I admit that a combination of circumstances lias led to a situation in the arena of Federal politics wholly unexpected, and undreamt of during the recent election campaign. I admit that a tripartite parliamentary system is not conducive to sound principles of government, because it enables even a small independent minority to control by coercion the policy of an unstable Ministry. I admit that the maintenance of representative government demands the abolition of the intolerable tripartite system, and that this can only be accomplished by a coalition of some kind between two of the three existing parties against the third.

Whilst I recognised that, I certainly did not view the prospects of such a coalition with unqualified delight. The expression of delight at the promise of a coalition,the basis of which was then unknown, applied chiefly to the report of an interview upon the subject with Sir William McMillan, who, in reply to an inquiry bv a press interviewer, said, "All that can be said is that we are all. delighted." I saw no reason for joy, but rather for profound regret, that the adverse vote of the Commonwealth had rendered some alliance necessary. That has been the position which I have consistently adopted, and it was the position which I occupied when I spoke on the AddressinReply. But my attitude in this connexion is made still clearer by a further letter from me, in reply to another by Mr. Hammond, lt was published in the Sydney Morning Herald, and reads thus: -

It is true that a minority must not be permitted to occupy the Treasury benches, irrespective of party. It is an outrage upon the Constitution, upon representative government, upon the democratic principle of majority rule, and any honorable means of putting an end' to minority rule by a temporary alliance, not involving as a basic . condition the surrender of vital principles, will be hailed by the majority of people, I venture to believe, with satisfaction. But there is danger that hysterical clamour may encourage an alliance which will ultimately lead to disaster, or at any rate to a perpetuation of" evils which it will take a generation to remedy. Unfortunately, the grand free-trade victory of this State was rendered abortive by the preponderance of labourites and protectionists returned in the other States - a fact which renders it impossible for the party to successfully attack the Tariff in the present Parliament.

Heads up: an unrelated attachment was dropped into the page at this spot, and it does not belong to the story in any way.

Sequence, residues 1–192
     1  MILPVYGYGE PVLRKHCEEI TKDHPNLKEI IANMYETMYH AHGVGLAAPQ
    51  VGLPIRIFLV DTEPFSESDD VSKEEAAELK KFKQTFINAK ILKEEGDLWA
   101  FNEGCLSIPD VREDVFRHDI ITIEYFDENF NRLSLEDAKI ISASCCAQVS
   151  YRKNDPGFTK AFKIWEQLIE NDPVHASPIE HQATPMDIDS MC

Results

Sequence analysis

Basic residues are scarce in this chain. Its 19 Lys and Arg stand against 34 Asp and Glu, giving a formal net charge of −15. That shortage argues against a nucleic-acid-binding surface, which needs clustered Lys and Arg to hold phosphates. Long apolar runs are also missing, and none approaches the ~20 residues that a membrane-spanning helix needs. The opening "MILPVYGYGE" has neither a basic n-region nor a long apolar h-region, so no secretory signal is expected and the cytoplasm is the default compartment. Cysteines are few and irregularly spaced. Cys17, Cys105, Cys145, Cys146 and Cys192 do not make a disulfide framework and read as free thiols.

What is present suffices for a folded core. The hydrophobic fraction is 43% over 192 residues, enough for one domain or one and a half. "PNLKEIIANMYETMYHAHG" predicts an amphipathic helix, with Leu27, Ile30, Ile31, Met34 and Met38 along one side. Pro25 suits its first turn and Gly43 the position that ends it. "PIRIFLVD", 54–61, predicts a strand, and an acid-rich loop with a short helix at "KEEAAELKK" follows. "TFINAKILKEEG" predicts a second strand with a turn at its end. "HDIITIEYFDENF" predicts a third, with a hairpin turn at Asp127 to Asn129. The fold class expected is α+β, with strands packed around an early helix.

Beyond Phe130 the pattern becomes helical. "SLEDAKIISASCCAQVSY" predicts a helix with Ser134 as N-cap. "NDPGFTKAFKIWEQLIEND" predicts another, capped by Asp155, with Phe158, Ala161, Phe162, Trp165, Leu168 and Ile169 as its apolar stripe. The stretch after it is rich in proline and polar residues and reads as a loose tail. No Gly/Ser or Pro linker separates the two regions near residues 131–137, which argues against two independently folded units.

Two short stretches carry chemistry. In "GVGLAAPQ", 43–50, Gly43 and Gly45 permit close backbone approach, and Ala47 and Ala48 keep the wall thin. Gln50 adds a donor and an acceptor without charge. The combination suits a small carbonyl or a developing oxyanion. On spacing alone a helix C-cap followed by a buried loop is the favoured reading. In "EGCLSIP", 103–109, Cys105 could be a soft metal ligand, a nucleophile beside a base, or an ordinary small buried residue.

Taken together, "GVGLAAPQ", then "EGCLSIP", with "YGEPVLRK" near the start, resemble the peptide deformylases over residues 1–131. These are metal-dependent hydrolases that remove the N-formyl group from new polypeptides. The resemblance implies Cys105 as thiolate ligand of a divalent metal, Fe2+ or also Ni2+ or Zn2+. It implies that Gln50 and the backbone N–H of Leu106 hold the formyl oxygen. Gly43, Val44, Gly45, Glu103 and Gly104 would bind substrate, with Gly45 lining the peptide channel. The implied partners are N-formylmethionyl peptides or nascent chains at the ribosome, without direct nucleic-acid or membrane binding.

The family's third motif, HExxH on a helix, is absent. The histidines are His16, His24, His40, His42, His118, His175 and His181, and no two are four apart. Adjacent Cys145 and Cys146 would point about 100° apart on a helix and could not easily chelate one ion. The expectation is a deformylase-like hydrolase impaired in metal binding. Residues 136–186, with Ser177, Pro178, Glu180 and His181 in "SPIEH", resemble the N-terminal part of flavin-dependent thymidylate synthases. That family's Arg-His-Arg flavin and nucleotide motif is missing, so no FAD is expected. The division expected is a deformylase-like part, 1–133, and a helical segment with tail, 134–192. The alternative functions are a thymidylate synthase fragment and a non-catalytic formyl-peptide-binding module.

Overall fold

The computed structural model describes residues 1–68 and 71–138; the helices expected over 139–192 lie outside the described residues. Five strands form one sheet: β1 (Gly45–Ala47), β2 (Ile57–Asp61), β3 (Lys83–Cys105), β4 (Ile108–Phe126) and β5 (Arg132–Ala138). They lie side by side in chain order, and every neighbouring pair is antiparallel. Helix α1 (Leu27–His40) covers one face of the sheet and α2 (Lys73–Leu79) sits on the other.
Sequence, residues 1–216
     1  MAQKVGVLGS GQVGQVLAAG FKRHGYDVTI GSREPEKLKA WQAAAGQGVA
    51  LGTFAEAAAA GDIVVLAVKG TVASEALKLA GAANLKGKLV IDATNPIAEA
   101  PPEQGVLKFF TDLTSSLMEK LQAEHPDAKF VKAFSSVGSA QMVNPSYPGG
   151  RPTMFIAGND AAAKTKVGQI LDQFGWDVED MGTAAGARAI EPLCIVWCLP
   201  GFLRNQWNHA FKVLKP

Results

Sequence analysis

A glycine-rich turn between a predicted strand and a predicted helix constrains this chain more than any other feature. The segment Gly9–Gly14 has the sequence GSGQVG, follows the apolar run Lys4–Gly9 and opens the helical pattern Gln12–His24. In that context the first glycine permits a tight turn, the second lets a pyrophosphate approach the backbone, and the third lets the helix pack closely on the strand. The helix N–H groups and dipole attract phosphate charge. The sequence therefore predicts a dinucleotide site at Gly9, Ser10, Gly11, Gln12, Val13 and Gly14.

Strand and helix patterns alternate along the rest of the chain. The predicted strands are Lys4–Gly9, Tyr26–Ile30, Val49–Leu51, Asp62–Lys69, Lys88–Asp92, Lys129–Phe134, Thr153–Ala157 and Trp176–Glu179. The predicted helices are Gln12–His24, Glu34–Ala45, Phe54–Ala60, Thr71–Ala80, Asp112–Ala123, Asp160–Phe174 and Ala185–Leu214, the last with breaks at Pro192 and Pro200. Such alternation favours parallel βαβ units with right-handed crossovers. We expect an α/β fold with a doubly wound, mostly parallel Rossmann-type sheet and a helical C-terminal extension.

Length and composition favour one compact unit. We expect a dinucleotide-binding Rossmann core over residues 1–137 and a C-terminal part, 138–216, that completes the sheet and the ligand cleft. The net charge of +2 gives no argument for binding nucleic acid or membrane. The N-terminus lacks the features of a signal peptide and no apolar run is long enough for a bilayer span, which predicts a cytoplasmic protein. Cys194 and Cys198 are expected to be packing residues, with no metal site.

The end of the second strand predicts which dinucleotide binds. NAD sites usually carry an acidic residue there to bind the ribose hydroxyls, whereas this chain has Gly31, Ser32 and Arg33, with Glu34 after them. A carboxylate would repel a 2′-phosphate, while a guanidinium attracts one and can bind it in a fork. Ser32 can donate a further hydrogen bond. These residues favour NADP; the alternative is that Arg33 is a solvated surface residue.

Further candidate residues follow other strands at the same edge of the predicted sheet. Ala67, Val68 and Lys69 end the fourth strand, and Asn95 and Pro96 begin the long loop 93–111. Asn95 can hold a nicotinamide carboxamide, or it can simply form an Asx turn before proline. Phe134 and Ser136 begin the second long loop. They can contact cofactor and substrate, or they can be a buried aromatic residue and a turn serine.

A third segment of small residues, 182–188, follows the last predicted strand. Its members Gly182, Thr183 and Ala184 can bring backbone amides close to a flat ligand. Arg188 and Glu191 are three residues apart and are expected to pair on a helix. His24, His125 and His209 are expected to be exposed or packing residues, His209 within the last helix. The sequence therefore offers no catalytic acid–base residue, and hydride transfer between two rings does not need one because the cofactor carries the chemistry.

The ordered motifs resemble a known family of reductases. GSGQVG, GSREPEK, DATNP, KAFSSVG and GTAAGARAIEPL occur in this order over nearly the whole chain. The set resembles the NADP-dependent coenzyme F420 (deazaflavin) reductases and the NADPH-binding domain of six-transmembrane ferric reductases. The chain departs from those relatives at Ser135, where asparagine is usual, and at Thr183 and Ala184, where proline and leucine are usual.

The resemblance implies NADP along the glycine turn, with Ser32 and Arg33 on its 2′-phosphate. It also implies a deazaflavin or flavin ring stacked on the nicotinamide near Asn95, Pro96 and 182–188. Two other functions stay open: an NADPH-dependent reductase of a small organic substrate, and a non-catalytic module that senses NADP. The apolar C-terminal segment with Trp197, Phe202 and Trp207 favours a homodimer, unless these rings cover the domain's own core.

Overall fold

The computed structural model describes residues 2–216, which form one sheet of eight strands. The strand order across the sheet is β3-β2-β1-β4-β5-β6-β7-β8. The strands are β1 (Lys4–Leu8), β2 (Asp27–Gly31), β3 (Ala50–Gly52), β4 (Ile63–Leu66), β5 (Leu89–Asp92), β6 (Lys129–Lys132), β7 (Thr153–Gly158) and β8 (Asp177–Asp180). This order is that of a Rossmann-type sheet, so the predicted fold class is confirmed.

I think that letter renders my position absolutely clear. I do. not see how, by any possible distortion of facts, the attitude which I have taken up can be said to involve any sacrifice of principle. During the course of his speech yesterday, the Minister of External Affairs remarked, " Times change, and we change with them." The truth of that observation is exemplified by the change which has taken place in the Ministerial policy as compared with that which the Labour Party vigorously advocated when they had not responsibility linked with control, but exercised control without responsibility. We find that with the exception of a mutilated Conciliation and Arbitration Bill .all those great measures which they deemed so imperatively necessary when they were occupying the cross benches are now relegated to the background. Instead of proposing to pass legislation which they were so eager to force the late Government to enact, they have put forward a perfectly harmless, inoffensive programme, which one is forced to conclude must have been obtained as the result of some one eavesdropping at the door of the leader of the Opposition's room.


Mr O'Malley - All our proposals have been on our platform for the last ten years


Mr JOHNSON - If that be so they must have been well concealed. It is a remarkable coincidence that in many respects the programme put forward bv the Government is practically the same as that which the leaders of the other parties in the

House have proposed as the basis of the projected coalition.


Mr O'malley - They must have taken their programme from the Labour Party.


Mr JOHNSON - I do not know whether they did so or whether the Labour Party obtained their" programme from our leaders.


Mr O'malley - We do not object to honorable members opposite supporting such a programme.